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Re: [ontolog-forum] What is "understanding" - was: Building on common gr

To: "[ontolog-forum]" <ontolog-forum@xxxxxxxxxxxxxxxx>
From: "John F. Sowa" <sowa@xxxxxxxxxxx>
Date: Mon, 31 Mar 2008 17:49:00 -0400
Message-id: <47F15C4C.4060100@xxxxxxxxxxx>
Sean, Sergei, and Pat C.,    (01)

SB> For me a more interesting question is what can ontologies
 > do reliably? and how reliably?    (02)

I agree that is a more interesting question.  I was trying to
discourage Pat C. from using the word 'understanding' and focus
on the issues of how we should design the computer system.    (03)

SN> First, our main problem is well beyond choosing the "right"
 > knowledge representation schema: it is all about the content
 > of knowledge, not the format.    (04)

I agree that the content is more important than the format,
but the kind of processing is also extremely important.
Although I think logic is important, I also believe that
induction, abduction, and analogy are at least as important
and probably more important than deduction.    (05)

SN> Second, the scope of work is so much broader than even
 > the most sober among us had expected.    (06)

I agree.    (07)

SN> But the bad news is that I think our problem is more
 > complex than either of those problems [the Manhattan
 > Project or the Human Genome Project].    (08)

Absolutely!  Those are almost trivial by comparison.
In the 1960s, engineers thought that hardware design was
more difficult/important than software design.  I would
compare the genome to the hardware.  Although the amount
of information in the genome is large, it's tiny compared
to the amount of information in the brain.  Furthermore,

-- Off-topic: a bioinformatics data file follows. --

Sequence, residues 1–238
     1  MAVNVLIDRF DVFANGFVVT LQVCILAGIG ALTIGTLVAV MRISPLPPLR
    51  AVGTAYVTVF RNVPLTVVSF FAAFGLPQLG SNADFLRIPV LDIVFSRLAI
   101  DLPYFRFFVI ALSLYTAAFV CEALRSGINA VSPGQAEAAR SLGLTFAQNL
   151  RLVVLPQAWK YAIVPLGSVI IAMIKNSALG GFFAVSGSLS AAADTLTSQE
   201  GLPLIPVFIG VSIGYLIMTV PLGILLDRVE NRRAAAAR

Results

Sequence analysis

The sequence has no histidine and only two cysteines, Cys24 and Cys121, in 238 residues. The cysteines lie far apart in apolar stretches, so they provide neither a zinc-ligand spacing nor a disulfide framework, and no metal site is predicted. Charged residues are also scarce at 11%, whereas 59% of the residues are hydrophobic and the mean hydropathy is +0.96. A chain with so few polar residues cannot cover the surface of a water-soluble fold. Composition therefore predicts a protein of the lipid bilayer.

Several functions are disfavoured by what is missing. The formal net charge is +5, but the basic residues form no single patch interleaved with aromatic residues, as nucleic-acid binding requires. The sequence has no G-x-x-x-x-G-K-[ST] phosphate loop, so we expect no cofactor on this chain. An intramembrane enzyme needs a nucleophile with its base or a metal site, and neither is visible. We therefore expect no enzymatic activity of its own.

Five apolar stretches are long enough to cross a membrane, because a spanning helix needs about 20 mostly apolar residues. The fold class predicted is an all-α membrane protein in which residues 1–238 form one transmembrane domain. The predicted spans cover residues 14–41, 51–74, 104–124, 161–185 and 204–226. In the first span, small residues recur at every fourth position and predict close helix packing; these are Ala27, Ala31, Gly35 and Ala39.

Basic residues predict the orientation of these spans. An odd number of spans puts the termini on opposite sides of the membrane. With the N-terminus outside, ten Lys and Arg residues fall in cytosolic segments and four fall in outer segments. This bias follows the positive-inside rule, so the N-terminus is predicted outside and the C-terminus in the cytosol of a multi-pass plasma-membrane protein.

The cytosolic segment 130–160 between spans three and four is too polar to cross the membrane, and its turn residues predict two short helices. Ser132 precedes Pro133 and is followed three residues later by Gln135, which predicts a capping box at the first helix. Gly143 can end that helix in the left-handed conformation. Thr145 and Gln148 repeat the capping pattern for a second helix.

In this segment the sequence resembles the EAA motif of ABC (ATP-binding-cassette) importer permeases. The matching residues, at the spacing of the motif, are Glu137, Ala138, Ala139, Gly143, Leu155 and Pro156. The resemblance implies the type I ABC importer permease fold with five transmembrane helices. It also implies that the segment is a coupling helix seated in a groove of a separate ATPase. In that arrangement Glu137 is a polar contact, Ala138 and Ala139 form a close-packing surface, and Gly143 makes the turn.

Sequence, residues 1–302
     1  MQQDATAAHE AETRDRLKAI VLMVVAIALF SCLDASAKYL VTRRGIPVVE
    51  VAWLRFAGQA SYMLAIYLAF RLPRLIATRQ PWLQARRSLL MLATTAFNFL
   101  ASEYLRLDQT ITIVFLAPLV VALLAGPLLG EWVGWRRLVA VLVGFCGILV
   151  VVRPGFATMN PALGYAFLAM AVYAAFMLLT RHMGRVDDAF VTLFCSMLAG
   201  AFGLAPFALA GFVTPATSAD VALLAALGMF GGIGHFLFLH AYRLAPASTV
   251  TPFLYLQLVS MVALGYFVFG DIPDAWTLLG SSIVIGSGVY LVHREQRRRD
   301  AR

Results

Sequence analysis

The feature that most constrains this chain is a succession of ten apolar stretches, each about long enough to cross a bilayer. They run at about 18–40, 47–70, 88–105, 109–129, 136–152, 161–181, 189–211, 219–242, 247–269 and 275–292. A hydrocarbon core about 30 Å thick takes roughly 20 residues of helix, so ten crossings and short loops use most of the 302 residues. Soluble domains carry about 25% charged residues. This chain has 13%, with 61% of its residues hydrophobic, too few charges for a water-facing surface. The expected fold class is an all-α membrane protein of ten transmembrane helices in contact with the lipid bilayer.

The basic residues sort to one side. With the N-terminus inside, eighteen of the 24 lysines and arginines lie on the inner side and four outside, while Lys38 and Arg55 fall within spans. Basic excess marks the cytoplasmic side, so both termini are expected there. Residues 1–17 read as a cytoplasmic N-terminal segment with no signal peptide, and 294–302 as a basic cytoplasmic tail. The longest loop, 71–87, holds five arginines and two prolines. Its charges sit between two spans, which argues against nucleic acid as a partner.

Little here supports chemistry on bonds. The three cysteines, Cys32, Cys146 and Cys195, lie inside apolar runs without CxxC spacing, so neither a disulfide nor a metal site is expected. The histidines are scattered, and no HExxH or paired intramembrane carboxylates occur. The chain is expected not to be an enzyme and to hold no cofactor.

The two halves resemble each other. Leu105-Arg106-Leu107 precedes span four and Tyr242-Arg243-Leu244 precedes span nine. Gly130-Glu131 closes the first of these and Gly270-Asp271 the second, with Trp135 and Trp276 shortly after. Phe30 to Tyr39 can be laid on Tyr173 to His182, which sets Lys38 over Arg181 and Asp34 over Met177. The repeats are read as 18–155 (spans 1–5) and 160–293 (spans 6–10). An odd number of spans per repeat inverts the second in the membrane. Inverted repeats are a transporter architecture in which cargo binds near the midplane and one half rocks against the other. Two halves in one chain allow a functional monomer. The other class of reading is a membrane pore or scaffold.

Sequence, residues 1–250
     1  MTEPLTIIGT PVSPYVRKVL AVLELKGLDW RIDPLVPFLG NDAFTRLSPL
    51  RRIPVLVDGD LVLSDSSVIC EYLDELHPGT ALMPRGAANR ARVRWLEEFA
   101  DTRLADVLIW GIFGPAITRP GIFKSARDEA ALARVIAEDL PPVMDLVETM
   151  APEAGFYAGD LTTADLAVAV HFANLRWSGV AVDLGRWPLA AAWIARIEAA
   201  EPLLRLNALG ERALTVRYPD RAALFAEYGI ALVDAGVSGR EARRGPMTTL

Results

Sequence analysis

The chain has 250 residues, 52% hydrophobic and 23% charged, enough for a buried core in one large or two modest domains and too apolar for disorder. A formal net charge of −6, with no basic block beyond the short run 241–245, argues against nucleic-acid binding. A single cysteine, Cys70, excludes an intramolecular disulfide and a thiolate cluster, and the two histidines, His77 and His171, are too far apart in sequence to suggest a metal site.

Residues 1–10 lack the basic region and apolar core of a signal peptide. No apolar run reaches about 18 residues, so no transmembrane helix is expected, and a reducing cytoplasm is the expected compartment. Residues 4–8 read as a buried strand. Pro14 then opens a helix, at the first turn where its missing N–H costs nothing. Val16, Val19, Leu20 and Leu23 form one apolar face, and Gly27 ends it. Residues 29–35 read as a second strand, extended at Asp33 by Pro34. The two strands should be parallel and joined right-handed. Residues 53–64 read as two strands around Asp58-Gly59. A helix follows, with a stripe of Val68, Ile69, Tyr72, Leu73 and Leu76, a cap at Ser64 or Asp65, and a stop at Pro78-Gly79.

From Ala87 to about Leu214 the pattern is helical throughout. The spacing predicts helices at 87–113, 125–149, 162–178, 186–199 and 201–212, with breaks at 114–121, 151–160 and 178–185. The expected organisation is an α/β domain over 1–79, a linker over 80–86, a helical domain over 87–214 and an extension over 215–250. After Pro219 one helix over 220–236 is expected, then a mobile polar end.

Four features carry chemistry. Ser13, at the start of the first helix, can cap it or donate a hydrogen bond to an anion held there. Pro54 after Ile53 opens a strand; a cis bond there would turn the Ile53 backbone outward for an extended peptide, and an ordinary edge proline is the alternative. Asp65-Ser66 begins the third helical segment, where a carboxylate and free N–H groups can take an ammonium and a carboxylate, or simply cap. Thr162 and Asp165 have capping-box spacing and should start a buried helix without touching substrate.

the hardware/genome changes much more slowly than the
information in the software.    (09)

SN> This is one of the reasons why I think that no standards
 > could really be enforced in this area and that it may be
 > a noble but doomed task to try to come up with a single
 > common syntax and semantics for the metalanguage for
 > specifying knowledge about language and the world (whether
 > these are different metalanguages or a single one).    (010)

That depends on how you define "this area".  First-order
logic has been around for over 125 years, and Common Logic
is a minor extension of what Frege and Peirce independently
discovered.  I don't think that's the solution to everything,
but my major complaint about the Semantic Web is that they
didn't build on the most successful application of FOL --
namely, relational databases with SQL (or better, Datalog).    (011)

As far as ontology goes, I have been arguing *against* any
fixed upper level and in favor of standards that support ways
of accommodating multiplicities of ontologies.  Alan Bundy,
who has been working with logic for years, strongly agrees.    (012)

JS>> Or would it be better to put all the knowledge about bridge
 >> in a module that deals with bridge and all the knowledge about
 >> tomatoes in a module that deals with tomatoes?    (013)

SN> Any which way. Let it even be inefficient. But we need multiply
 > cross-indexed descriptions of complex events with their subevents
 > and participants, pre- and post-conditions and other properties.    (014)

I agree.  But my main point was to avoid packaging the world
knowledge too tightly with the lexicon -- partly because it
would make it more difficult to reuse the knowledge with different
languages (both natural and artificial).    (015)

SN> BTW, there are many more kinds of ambiguity to deal with in
 > addition to word sense or PP attachment...    (016)